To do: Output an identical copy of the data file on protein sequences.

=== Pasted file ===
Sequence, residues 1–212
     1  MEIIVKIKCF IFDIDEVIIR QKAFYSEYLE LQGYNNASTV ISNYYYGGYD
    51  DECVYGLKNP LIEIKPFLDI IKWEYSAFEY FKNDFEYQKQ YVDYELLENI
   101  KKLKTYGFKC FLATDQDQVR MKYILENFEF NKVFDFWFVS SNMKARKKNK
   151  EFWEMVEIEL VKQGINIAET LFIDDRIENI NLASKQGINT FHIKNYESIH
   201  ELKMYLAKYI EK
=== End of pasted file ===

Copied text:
Sequence, residues 1–212
     1  MEIIVKIKCF IFDIDEVIIR QKAFYSEYLE LQGYNNASTV ISNYYYGGYD
    51  DECVYGLKNP LIEIKPFLDI IKWEYSAFEY FKNDFEYQKQ YVDYELLENI
   101  KKLKTYGFKC FLATDQDQVR MKYILENFEF NKVFDFWFVS SNMKARKKNK
   151  EFWEMVEIEL VKQGINIAET LFIDDRIENI NLASKQGINT FHIKNYESIH
   201  ELKMYLAKYI EK